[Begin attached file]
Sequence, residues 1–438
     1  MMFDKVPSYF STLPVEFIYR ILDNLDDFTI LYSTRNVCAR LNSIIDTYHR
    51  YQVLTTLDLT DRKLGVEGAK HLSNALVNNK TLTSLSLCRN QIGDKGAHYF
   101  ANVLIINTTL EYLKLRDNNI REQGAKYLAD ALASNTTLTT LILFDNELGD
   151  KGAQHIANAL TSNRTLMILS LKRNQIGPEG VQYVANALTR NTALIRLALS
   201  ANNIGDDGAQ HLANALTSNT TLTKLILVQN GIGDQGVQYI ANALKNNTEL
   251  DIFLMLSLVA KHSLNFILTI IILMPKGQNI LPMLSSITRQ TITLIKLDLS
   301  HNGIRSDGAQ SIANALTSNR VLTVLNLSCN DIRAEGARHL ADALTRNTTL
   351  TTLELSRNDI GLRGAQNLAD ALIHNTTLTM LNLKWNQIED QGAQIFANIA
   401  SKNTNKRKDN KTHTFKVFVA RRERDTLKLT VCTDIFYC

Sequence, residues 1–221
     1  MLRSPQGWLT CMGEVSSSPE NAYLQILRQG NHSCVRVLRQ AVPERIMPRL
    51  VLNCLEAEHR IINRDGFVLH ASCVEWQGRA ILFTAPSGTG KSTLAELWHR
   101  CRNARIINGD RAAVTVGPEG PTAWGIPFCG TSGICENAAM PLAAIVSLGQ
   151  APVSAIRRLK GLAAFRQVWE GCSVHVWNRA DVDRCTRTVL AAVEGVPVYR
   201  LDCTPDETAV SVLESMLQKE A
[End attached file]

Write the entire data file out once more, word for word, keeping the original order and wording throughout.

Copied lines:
Sequence, residues 1–438
     1  MMFDKVPSYF STLPVEFIYR ILDNLDDFTI LYSTRNVCAR LNSIIDTYHR
    51  YQVLTTLDLT DRKLGVEGAK HLSNALVNNK TLTSLSLCRN QIGDKGAHYF
   101  ANVLIINTTL EYLKLRDNNI REQGAKYLAD ALASNTTLTT LILFDNELGD
   151  KGAQHIANAL TSNRTLMILS LKRNQIGPEG VQYVANALTR NTALIRLALS
   201  ANNIGDDGAQ HLANALTSNT TLTKLILVQN GIGDQGVQYI ANALKNNTEL
   251  DIFLMLSLVA KHSLNFILTI IILMPKGQNI LPMLSSITRQ TITLIKLDLS
   301  HNGIRSDGAQ SIANALTSNR VLTVLNLSCN DIRAEGARHL ADALTRNTTL
   351  TTLELSRNDI GLRGAQNLAD ALIHNTTLTM LNLKWNQIED QGAQIFANIA
   401  SKNTNKRKDN KTHTFKVFVA RRERDTLKLT VCTDIFYC

Sequence, residues 1–221
     1  MLRSPQGWLT CMGEVSSSPE NAYLQILRQG NHSCVRVLRQ AVPERIMPRL
    51  VLNCLEAEHR IINRDGFVLH ASCVEWQGRA ILFTAPSGTG KSTLAELWHR
   101  CRNARIINGD RAAVTVGPEG PTAWGIPFCG TSGICENAAM PLAAIVSLGQ
   151  APVSAIRRLK GLAAFRQVWE GCSVHVWNRA DVDRCTRTVL AAVEGVPVYR
   201  LDCTPDETAV SVLESMLQKE A